Meister Eckhart II
What is Prayer?

Stand in the gate in the house of God: stand in his unity of essence. One is best kept by itself. So the unity stands by God and keeps God together, adding nothing. There unity sits in his own presence, in his is-ness, all in himself, nowhere out of himself. But as he melts, he runs. He melts and runs in his goodness, which consists in knowledge and love. Knowledge is hotter than love, but this knowledge is laden with love. Love is fooled and caught by kindness: in love, I hang near the gate, not seeing the authentic vision. Even stones have love for the ground. If I insist on goodness, and grasp it, I shall seize only the gate, not God himself. Knowledge is better, for it is the head of love. No single thought belongs to this knowledge: wholly detached, free of self, it runs bare into the arms of God and grasps him in himself.

What is prayer? It is the practice of glorying in pure being.

But while any image exists in the soul, there is no glorying in God therein.

Things different from God do not glorify God.

Our Lord said once: “You pray, not knowing what prayer is. There will come true prayers, praying to my Father not in words, but in spirit and in truth.”

But what is prayer? Dionysius said: “The mind’s ascent to God—that is what prayer means.” Where flesh wars with spirit, where time wars with eternity, there God is not. The soul must transcend. While there is anything above the soul, anything in front of God, the soul can never enter his ground.

When I subsisted in the ground, in the bottom, of the river and fount of Godhead, no one asked me where I was going or what I was doing; there was no one to ask me. But when I flowed forth all creatures spoke God. If I am asked, “Brother Eckhart, when did you leave your house?” then I must have been in the house. Thus do all creatures speak God.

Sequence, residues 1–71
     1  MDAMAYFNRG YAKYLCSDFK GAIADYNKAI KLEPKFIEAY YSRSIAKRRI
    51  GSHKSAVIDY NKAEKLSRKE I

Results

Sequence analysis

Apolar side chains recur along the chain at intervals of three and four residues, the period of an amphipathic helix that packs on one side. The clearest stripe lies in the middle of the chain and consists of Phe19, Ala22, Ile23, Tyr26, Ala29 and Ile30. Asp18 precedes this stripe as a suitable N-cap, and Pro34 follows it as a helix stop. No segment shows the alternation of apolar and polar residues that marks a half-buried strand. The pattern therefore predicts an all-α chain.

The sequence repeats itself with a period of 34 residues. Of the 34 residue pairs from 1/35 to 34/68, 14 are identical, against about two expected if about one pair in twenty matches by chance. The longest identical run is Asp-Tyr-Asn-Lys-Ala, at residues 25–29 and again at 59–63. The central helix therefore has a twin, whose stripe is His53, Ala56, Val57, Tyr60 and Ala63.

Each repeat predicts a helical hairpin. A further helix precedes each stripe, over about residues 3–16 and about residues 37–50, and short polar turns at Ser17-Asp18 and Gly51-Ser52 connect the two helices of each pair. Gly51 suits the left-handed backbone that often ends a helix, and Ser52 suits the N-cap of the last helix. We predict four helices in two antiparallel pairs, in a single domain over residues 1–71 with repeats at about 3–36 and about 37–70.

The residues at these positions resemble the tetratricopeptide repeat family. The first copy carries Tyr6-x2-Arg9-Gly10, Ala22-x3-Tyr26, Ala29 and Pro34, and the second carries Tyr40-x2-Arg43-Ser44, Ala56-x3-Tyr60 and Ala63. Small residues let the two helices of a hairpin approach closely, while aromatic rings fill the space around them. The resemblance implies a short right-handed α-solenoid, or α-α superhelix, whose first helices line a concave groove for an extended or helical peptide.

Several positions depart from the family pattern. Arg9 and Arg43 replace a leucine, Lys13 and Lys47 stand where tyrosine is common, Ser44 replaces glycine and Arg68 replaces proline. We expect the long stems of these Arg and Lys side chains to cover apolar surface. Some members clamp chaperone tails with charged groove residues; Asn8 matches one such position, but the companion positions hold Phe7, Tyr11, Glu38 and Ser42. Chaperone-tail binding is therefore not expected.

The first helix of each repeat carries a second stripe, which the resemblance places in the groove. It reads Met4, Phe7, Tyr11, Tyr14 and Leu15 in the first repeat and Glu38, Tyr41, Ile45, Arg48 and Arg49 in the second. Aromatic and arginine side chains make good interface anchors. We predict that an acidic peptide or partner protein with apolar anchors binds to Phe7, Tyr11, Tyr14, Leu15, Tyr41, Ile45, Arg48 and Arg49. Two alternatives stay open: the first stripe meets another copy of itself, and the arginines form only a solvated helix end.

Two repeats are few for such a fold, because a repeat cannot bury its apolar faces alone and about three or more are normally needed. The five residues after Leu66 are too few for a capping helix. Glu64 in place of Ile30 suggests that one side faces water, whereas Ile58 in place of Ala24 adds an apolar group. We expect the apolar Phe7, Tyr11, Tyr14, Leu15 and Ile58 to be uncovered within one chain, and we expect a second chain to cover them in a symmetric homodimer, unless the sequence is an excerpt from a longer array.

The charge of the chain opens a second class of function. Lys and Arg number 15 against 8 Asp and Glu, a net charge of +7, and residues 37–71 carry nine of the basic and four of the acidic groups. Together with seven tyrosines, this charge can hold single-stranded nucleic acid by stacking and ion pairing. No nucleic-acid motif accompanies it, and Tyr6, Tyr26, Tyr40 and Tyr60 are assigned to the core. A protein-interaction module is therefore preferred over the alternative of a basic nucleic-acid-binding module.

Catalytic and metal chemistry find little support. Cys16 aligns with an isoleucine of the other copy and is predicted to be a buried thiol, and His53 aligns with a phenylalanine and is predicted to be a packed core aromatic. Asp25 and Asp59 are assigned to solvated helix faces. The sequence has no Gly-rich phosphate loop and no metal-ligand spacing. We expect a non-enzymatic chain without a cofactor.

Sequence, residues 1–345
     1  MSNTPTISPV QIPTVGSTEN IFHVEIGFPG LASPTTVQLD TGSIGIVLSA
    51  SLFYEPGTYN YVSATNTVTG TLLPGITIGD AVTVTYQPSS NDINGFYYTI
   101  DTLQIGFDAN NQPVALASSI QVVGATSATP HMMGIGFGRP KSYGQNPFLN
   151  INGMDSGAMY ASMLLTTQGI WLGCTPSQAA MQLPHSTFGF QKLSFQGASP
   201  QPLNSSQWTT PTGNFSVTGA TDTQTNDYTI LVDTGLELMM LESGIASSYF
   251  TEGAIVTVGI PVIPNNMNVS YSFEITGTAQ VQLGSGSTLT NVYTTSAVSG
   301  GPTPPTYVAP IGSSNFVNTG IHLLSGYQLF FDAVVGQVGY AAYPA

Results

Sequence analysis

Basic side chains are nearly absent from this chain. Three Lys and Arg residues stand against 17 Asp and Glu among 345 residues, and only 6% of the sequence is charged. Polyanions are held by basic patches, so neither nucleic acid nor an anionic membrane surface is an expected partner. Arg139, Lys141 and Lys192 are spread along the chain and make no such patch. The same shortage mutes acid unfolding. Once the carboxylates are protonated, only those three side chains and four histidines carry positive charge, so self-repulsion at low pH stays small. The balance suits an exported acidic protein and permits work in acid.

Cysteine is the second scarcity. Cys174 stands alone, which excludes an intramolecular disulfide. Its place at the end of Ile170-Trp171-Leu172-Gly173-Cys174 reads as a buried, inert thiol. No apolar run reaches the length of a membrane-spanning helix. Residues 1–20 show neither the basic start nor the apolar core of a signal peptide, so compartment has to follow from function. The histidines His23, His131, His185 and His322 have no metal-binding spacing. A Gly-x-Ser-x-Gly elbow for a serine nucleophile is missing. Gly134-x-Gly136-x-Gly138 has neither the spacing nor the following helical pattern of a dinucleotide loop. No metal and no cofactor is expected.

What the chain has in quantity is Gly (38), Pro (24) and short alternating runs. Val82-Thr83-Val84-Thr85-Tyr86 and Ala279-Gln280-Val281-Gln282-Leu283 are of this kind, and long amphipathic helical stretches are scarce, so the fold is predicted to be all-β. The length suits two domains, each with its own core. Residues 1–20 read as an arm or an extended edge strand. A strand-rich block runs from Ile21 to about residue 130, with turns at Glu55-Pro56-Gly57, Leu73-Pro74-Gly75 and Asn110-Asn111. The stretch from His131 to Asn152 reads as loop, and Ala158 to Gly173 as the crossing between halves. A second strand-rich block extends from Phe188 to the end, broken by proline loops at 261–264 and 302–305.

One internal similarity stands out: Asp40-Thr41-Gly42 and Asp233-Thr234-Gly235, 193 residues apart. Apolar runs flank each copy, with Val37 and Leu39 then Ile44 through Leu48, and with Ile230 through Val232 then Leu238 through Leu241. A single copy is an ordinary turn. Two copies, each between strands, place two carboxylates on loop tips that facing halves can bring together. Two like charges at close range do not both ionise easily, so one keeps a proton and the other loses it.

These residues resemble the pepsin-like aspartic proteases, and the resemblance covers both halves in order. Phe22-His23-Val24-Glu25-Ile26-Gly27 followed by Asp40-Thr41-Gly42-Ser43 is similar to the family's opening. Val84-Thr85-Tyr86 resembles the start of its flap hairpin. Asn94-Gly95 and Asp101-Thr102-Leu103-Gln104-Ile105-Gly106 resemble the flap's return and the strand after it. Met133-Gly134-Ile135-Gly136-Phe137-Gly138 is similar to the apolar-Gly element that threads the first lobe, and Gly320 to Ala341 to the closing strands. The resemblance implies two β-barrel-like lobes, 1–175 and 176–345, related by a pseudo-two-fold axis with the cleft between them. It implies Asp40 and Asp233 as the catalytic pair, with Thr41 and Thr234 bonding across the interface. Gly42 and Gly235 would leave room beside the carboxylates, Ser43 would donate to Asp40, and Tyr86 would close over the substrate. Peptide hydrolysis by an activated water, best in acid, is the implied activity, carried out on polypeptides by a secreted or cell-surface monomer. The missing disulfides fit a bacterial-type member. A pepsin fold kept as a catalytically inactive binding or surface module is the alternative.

And why do they not speak the Godhead? Everything in the Godhead is one, and of that there is nothing to be said. God works; the Godhead does no work. In the Godhead there is nothing to do; there is no activity. It never envisaged any work. God and Godhead are as different as active and inactive.

On my return to God, where I am formless, my breaking-through will be far nobler than my emanation. I alone take all creatures out of their sense into my mind and make them one in me. When I go back into the ground, into the depths, into the well-spring of the Godhead, no one will ask me from where I came or where I went. No one will miss me, for there God unbecomes.

My good wishes to anyone who has understood this sermon. Had there been no one here I would have had to preach it to the collection box. Some poor souls will go back home and say, “I shall settle down and eat my bread and serve God.” Truly, I say that they persist in error, and will never have the power to strive for or to win what those others do who follow Christ in poverty and exile.

Leaving God for God

To love another as myself means that I would as soon wish his fate for good or ill, for life or death, happened to me as him, which would amount to perfect understanding.

Bearing on this subject St. Paul says, “I would that I were divorced from God forever, for God and for my friend’s sake.” As you know, to leave God for an instant is to leave God eternally, and to leave God at all is to endure hellish torment. Then what does St. Paul mean by wishing to be divorced fom God? Doctors debate whether St. Paul was on the way to perfection or whether he was perfect. I say he was perfect; otherwise, he could not have said this.